Category Archives: LIS education

Library Schools and Libraries: Learning Labs

In a recent LJ article by Dr. Michael Stephens states:

End the disconnect between some LIS schools and the libraries in their institutions. Instead, LIS schools should partner with their institutions’ libraries to form learning laboratories. Professors, librarians, and students must work together to create new models of service and outreach. These models are evaluated and tweaked, and effective practice is reported to the greater community.

This got me to thinking.  I agree completely with Michael’s assessment.  Library schools need to work closely with their respective library institution.  Librarian training (as a profession) should strive to be more like medical education.  Med schools and the hospital in which they are a part of rely on each other.  The benefit is well trained doctors and better patient service.  The university hospital benefits from free (or reduced) labor.  Moreover, they have cutting edge research at their fingertips.  The schools strive to teach the most current and best medicine which works its way into the hospital.  Moreover, the medical students benefit from the hands-on, real-world experience.

Perhaps this is most easily accomplished by bring the two units under one department.  Thus the dean of the library school would also be the dean of the library.  By bringing the two units together, the rivalry that exists between the units would diminish.  Moreover, this would allow for better collaboration between librarians and library faculty.  By blending the lines, the theory-practice divide might also be quelled.

While this thought process has been around for some time, and is even found at some LIS schools, a renewal to the idea is in order.  The only con that is clearly evident surrounds a turf-war between the two units.  Each unit wants to protect their jobs and responsibilities, but at what cost?  If this type of education works in medicine, nursing, and other professional disciplines, perhaps it would be well-suited in LIS education.

The benefits of cutting edge research, reduced (or free) labor, improved educational outcomes for LIS students and a more personalized service for the other students is overwhelming.

 

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Filed under libraries, LIS education

Ivory Towers and the Great Divide

I have been pondering and grappling with something lately.  Many people have commented on the theory-practice divide in LIS.  This ivory tower approach to our profession, in which LIS faculty and practitioners seldom cross lines, seems to only hurt us.  In the last three months I have been to three state association conferences.  At each of these, LIS faculty seemed to be not present.  They seldom present at state conferences, and do not seem to attend at all.  This has been bothering me a lot.  I have engaged in conversations with friends of mine outside of LIS, and asked if their profession experiences the same thing.  From accountants to doctors, the resounding answer is always the same, NO! They argue that the faculty need to know what is going on in the field, and they gain this knowledge from state and local conferences.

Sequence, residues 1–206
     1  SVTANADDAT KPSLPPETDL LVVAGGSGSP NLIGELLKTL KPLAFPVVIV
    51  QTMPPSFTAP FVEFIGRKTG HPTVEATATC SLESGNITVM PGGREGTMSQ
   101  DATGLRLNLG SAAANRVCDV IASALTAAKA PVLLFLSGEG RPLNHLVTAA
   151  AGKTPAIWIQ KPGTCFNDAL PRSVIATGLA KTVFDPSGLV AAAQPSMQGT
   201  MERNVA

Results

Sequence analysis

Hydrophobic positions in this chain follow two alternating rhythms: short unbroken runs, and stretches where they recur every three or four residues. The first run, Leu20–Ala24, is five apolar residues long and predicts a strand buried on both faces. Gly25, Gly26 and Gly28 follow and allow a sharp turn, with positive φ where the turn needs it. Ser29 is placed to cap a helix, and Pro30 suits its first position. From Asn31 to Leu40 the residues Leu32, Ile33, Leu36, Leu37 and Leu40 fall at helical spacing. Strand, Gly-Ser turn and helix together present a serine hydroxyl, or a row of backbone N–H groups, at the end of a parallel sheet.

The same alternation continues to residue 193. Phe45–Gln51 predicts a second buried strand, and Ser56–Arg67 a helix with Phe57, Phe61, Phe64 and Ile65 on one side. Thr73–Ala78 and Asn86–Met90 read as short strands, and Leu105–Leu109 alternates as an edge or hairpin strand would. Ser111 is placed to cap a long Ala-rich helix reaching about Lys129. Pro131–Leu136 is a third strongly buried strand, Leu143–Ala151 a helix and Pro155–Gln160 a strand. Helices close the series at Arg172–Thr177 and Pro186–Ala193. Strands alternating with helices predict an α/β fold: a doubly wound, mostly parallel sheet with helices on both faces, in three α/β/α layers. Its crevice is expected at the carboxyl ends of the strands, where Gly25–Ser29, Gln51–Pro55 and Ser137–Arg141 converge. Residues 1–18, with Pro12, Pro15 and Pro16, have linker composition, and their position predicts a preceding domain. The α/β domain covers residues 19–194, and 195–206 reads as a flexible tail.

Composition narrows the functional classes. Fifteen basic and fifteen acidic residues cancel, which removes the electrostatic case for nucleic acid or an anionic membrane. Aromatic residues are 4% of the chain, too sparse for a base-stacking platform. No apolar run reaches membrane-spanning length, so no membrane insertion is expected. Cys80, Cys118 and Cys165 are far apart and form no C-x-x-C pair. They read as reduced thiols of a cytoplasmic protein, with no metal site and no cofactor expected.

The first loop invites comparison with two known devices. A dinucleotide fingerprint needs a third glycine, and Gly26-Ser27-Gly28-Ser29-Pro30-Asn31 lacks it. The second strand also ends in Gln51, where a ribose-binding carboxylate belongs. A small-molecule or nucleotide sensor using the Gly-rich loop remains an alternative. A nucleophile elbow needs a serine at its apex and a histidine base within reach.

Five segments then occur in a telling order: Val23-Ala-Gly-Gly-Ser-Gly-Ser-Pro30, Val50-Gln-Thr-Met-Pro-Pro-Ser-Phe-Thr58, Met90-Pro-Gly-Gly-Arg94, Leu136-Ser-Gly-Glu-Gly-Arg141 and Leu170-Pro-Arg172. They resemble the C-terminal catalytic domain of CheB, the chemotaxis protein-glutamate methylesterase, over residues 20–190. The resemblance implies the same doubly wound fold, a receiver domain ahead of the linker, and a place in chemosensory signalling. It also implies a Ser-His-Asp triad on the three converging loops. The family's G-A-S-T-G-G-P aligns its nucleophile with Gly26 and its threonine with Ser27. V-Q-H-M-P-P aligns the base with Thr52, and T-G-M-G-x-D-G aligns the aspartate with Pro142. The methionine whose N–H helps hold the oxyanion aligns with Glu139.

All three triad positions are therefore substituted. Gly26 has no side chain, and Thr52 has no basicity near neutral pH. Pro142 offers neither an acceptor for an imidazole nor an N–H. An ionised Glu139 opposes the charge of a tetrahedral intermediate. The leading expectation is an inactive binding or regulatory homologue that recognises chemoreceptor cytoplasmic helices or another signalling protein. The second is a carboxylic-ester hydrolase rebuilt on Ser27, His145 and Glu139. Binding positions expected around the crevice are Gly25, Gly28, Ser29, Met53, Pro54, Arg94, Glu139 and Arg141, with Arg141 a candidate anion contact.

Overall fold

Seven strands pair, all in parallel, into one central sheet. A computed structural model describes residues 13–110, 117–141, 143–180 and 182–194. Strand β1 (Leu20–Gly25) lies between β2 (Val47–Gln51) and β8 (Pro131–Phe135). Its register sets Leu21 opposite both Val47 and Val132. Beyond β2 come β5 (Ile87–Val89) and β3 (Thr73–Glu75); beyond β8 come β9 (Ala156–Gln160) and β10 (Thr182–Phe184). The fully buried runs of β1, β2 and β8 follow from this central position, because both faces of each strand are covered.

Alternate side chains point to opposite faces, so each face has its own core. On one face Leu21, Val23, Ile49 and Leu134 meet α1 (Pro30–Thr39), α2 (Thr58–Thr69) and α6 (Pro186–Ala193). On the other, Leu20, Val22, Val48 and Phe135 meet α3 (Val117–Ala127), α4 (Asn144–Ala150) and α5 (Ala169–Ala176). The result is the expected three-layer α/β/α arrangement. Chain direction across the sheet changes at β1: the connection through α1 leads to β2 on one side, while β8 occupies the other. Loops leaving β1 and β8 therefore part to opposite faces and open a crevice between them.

This is not to say that professors in LIS never join in the practitioner conversation, some professors are great at informing us, and listening to us.  Michael Stephens, and R. David Lankes come to mind.  However, they seem to be the exception to the general rule.

I think we practitioners need to contact our respective LIS schools and request that they join in our conversation.  I also think that we need to enter their world.  For example, a quick glance at the upcoming ALISE conference reveals a similar lack of participation on the part of practitioners.

I exist is some in-between world.  As many of you know, I am rapidly approaching completion of my Ph.D in LIS.  I am still unclear if I will enter into the world of academics, or administration, however I know that either way I will fight to open conversations between LIS faculty and LIS practitioners.

Perhaps I am wrong, and if so, please let me know.  I just can’t see how a divide profession serves us, the schools or most importantly, the patrons.  I long to see collaborative articles and presentations between faculty and those of us in the field.

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Filed under LIS education, rant